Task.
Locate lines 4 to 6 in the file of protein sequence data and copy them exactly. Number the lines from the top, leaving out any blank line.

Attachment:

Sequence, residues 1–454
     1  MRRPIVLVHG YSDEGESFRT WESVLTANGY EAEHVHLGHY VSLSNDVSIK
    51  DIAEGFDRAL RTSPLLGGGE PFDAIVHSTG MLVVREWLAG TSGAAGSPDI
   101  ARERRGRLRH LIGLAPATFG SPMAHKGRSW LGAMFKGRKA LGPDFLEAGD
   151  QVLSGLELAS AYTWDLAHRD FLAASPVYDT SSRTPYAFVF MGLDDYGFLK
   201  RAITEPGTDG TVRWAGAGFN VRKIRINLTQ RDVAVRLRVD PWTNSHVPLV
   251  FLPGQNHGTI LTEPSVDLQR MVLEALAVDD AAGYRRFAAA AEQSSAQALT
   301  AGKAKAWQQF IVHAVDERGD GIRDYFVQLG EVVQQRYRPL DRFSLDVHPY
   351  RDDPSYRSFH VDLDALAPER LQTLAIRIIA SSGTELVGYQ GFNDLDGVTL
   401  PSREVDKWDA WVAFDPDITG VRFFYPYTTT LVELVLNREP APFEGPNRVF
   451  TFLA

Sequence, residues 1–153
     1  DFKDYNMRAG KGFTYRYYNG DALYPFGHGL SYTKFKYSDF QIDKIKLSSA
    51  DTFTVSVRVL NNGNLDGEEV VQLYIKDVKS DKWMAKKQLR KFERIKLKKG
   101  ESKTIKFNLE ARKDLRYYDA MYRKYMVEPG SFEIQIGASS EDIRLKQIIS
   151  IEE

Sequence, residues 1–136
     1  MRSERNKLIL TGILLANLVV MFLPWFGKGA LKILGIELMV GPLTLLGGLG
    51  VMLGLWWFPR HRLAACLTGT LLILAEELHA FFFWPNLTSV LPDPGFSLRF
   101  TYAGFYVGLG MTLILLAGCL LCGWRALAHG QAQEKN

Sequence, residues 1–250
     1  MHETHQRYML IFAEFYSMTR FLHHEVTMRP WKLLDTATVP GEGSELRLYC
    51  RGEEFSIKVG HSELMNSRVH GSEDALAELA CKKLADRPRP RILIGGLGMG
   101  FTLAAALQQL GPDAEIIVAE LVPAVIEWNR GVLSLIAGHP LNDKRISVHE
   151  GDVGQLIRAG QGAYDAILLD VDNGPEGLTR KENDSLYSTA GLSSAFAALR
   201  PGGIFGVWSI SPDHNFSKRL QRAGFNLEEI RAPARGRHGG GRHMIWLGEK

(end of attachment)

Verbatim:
   101  ARERRGRLRH LIGLAPATFG SPMAHKGRSW LGAMFKGRKA LGPDFLEAGD
   151  QVLSGLELAS AYTWDLAHRD FLAASPVYDT SSRTPYAFVF MGLDDYGFLK
   201  RAITEPGTDG TVRWAGAGFN VRKIRINLTQ RDVAVRLRVD PWTNSHVPLV